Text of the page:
In 1846, in consultation with Queen Victoria, Thomas Phillip Robinson and Earl de Grey, first President of the Institute of British Architects (RIBA) in London, established a gold medal that would be awarded for outstanding contribution in the field of architecture.
This work is solely focused upon the history, design, and legacy of RIBA’s Royal Gold Medal. It considers both the historical context and the future, along with winners, nominations, formal procedure and modern press campaigns, to place this British architectural medal alongside others awarded internationally.
Sitting in a group of 25 other Royal Prize Medals, awarded by the monarch of the day, the RIBA Medal is unique in that it is the only one awarded by a professional body.
This work brings together press statements announcing the winner(s); recipient speeches; obituary notices, letters of correspondence; minute books from RIBA Council and jury meetings; contemporary published and unpublished material;, press releases; face-to-face conversations with winners and supporters; and other documents in RIBA’s archive. Living medallists were interviewed to reveal their views about the medal and how they perceived its value.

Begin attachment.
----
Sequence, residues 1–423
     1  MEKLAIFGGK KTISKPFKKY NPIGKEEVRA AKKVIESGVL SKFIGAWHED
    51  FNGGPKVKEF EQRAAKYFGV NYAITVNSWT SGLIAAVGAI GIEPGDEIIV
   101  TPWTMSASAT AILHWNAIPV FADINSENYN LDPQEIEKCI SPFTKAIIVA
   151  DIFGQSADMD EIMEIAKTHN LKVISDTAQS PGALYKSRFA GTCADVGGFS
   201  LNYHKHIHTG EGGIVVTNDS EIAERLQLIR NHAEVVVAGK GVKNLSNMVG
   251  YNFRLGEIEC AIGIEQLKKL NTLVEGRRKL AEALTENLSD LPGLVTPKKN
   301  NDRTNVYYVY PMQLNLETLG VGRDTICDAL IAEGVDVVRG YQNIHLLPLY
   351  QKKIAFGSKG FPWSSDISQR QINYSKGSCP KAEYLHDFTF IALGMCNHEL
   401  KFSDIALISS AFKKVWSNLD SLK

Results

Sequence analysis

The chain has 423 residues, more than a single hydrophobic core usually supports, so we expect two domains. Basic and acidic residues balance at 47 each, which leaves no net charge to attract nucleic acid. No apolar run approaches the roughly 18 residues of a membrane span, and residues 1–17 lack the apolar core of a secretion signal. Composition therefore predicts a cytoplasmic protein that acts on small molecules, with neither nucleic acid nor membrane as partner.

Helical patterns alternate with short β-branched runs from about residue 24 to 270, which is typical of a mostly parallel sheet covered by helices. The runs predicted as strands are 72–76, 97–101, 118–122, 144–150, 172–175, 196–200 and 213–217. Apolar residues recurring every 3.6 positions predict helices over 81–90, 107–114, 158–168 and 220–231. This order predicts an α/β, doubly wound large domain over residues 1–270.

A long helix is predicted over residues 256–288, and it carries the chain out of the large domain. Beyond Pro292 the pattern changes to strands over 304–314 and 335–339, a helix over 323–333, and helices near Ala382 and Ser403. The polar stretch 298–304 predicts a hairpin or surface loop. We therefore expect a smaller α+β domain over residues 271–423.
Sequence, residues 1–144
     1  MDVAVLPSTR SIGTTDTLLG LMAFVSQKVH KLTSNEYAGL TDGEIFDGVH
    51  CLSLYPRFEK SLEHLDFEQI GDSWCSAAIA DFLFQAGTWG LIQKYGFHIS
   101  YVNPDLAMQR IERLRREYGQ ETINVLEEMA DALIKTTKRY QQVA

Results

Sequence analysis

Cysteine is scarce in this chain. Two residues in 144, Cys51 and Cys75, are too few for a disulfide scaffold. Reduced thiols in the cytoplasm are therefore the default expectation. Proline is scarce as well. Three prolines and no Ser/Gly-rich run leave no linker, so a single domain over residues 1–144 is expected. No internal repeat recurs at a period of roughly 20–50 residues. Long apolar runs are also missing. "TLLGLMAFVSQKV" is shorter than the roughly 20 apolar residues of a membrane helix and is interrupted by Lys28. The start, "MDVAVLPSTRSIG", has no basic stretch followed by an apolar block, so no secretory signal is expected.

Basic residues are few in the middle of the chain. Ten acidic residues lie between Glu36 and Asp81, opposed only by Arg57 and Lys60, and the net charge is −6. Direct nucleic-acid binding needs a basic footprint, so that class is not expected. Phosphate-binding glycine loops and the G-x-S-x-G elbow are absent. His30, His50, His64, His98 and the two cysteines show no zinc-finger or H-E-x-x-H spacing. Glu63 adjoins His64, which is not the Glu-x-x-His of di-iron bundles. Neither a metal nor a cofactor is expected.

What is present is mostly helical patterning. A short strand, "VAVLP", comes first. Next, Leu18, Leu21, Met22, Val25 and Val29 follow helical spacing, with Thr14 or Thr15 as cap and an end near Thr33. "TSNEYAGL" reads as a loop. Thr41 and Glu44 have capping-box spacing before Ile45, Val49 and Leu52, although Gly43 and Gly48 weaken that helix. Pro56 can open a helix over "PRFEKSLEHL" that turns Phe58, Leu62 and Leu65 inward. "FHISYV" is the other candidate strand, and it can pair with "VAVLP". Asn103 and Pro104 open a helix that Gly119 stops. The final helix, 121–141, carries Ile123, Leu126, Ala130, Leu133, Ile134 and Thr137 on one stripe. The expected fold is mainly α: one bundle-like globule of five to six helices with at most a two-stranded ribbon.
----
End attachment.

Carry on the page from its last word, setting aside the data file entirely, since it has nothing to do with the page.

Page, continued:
Also contained is statistical analysis concentrating on aspects common to all winners, yet had never been considered as part of the criteria for winning the medal; gender, nationality, family background, age, health, profession, and posthumous winners. The political background of winners is also considered; looking at such agendas as refusals, partnerships, war, and royal presentations.
The conclusion of this work will outline what has been achieved through collation of this data, and will offer a blueprint for a future medallists drawing on statistical analysis. It will also suggest qualities and achievements a future medallist needs to possess in order to succeed.
History, Design, and Legacy was successfully submitted as a Doctoral thesis to the School of Architecture, University of Liverpool by Liz Walder MA FRSA MCIPR in September 2012.